The Schoenstatt Milestones
The Schoenstatt Movement has a rich history and spirituality. Its unique origin, message and way of living the Gospel offer a wealth of new perspectives on the faith and its practice. In this section we want to highlight the turning points or “milestones” in the history of our Movement.
Fr. Kentenich developed the concept of the milestones as a way to grasp and cultivate the unique identity and mission which God has given Schoenstatt. Each is a historical moment that defines a central aspect of what Schoenstatt is. The milestones are
First Milestone: October 18, 1914
The movement was founded on the 18th of October, 1914 by a young Pallottine priest, Fr. Joseph Kentenich [1885- 1968] and a group of junior seminarians.
The intention was to form “firm, free and apostolic men and women” through the Covenant of Love with Mary, and invite her to make the Schoenstatt Shrine a place of grace. From there she would form the hearts of people for the renewal of the Church in our time. Essentially Fr. Kentenich wanted to create a spiritual life that was appropriate for the fast changing conditions of our modern world.
The resolve of the young students was severely tested when many were called to serve in the trenches of the First World War. The Founding Generation produced many heroic lives. Between the world wars Schoenstatt began to grow as a retreat and formation center that catered to many diverse groups of people. Fr. Kentenich gave many of the talks and retreats developing the Covenant of Love with Mary. He highlighted how the world is moving into a new era and the Church has to give a credible response to the needs of our times.
Second Milestone: JANUARY 20, 1942
During the 1930’s the Nazis began to scrutinize the activities of the Schoenstatt Movement. They decided that whoever was won over to Schoenstatt was lost to National Socialism. In 1941 Fr. Kentenich was arrested by the Gestapo and sent to Dachau concentration camp for four years.
In “the hell of Dachau”, he initiated an active apostolate among his fellow prisoners. He wrote theological reflections and prayers, gave regular talks and organized retreats. At the urging of his fellow priests in the concentration camp he wrote a prayer book Heavenward. The spirit of these prayers gave many the strength to preserve their faith and humanity even in Dachau.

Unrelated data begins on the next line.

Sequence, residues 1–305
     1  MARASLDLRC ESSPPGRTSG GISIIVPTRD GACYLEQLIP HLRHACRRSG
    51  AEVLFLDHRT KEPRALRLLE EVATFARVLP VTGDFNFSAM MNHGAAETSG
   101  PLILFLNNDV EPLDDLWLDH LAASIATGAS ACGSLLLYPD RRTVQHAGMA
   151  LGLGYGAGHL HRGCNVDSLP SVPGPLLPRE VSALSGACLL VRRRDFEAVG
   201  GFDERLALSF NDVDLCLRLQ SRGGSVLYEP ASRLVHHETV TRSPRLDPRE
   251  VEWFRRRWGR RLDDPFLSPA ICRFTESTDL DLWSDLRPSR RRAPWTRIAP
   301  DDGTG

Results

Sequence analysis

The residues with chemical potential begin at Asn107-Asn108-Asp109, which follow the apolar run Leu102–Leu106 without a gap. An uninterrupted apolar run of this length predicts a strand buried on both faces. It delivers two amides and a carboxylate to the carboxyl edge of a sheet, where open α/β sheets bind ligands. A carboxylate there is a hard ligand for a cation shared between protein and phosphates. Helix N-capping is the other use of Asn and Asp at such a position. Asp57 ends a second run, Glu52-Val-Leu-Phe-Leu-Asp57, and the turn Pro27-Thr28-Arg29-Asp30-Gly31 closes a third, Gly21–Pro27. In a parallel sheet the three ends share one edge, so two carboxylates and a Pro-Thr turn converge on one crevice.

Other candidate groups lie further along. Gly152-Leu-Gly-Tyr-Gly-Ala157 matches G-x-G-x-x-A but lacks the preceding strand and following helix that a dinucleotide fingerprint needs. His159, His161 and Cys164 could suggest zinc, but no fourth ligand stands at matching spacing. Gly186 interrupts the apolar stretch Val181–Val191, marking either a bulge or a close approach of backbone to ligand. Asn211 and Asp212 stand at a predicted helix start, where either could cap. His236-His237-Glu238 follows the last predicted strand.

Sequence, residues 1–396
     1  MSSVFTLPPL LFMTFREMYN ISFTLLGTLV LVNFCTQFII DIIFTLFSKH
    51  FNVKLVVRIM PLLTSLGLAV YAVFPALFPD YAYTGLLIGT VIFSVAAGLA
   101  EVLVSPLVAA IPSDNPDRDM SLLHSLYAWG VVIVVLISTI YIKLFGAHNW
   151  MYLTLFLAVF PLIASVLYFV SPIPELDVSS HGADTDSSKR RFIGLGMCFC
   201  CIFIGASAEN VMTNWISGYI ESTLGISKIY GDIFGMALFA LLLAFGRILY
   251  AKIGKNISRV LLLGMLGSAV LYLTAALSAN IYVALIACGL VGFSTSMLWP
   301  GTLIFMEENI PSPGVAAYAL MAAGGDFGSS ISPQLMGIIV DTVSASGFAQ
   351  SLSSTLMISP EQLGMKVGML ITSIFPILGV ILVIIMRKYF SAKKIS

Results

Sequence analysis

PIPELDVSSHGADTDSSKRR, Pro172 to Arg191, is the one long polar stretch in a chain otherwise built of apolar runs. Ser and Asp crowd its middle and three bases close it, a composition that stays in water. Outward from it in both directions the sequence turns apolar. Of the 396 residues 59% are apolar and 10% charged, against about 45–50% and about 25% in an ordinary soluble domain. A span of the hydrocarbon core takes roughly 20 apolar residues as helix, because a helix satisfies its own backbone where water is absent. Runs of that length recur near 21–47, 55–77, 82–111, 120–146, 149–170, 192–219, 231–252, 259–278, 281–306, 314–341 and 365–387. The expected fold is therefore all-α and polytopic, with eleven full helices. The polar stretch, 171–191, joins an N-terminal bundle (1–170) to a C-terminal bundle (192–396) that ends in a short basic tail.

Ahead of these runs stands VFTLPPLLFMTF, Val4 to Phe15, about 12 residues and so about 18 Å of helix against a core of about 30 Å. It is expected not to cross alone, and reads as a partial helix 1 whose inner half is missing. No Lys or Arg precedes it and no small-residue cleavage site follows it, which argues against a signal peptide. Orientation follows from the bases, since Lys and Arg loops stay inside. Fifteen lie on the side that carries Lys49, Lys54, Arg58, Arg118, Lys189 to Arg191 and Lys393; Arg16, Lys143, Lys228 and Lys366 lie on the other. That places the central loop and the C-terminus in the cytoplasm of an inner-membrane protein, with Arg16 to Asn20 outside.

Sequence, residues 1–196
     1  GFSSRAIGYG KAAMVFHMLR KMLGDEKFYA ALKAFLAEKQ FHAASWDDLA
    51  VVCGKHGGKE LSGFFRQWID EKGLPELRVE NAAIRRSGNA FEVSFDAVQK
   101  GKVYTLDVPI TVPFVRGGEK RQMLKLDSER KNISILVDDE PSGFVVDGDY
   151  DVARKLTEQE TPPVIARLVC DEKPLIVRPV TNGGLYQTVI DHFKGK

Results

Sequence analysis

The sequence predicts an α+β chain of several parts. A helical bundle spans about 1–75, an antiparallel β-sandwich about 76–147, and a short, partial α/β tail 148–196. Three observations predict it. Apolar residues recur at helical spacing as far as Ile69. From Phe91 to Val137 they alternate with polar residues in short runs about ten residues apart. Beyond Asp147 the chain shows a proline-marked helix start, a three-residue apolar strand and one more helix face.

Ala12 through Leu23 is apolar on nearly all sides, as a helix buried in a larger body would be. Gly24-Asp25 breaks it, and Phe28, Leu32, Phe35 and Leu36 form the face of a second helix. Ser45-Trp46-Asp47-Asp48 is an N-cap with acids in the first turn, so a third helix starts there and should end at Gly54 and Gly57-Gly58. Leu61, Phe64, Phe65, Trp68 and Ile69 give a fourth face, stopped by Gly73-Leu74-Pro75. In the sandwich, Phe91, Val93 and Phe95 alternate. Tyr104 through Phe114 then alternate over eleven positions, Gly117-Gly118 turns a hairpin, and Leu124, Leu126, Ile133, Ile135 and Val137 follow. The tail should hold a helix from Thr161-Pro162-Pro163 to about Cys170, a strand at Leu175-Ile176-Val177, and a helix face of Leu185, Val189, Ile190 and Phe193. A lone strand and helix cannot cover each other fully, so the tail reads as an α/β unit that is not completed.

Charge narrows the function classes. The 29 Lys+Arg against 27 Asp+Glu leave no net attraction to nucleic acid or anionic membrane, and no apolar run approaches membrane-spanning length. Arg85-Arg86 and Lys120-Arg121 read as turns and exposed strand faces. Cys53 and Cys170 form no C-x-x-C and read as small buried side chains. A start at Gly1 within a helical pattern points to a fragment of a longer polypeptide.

Father was released from Dachau on April 6th, 1945. He was 60 years old but did not stop to rest and recover from the brutalities of life in a concentration camp. He moved quickly to strengthen the internal organization of the Schoenstatt Movement in Germany.
Third Milestone: MAY 31, 1949
After the war Fr. Kentenich started traveling to countries where Schoenstatt had become established. During this period he wrote a letter called the ‘Epistola per Longa’ [latin for ‘very long letter’] on ‘mechanistic thinking’ to Church authorities in Germany. In this letter he pointed out the dangers of contemporary theological thought which separated the idea of God from the life of God as opposed to organic thinking, loving and living which sees things in their God-willed context. He placed this letter on the altar of the shrine in Bellavista, Chile for the healing and the mission of the Church.
But he encountered opposition in the Church because his ideas were “too new” and he had a large following of people who valued his spiritual direction. He was a very fatherly pastor. The response to this letter was a Visitation of Schoenstatt by Church authorities who decided to test the Schoenstatt Work by separating Fr. Kentenich from the Movement. He was sent to the Pallottine Province House in Milwaukee, Wisconsin for over 14 years.
Fourth Milestone: OCTOBER 22, 1965
In spite of the difficulties caused by the separation from its founder, Schoenstatt continued to grow and mature. It remained spiritually vibrant and creative. Its aims and spirituality became clearer and parts of its organization came into their final form.
The Second Vatican Council realized the importance and vision of Fr. Kentenich’s work. In 1965 he was called to Rome and fully recognized by Pope Paul VI. This marked the beginning of a new era for Schoenstatt’s mission with the Church.
Fr. Kentenich characterized the inner meaning of the fourth milestone as “standing in divine victoriousness”. To him his freedom and the end of the exile were outward features reflecting a deeper reality that had been growing in Schoenstatt during the years of testing: a deep and unshakable trust and confidence in God’s power to win the victory.
Given its coincidence with the end of Vatican II, the fourth milestone is also connected with the mission of the Church “on the newest shores of the times”. In this light, Schoenstatt not only has a mission for the Church, but also a mission with the Church as she works to accomplish the work entrusted to her by Christ. This cooperation, including with the official structures and hierarchical leadership of the Church, took concrete form when Fr. Kentenich made definite promises to authorities of the Church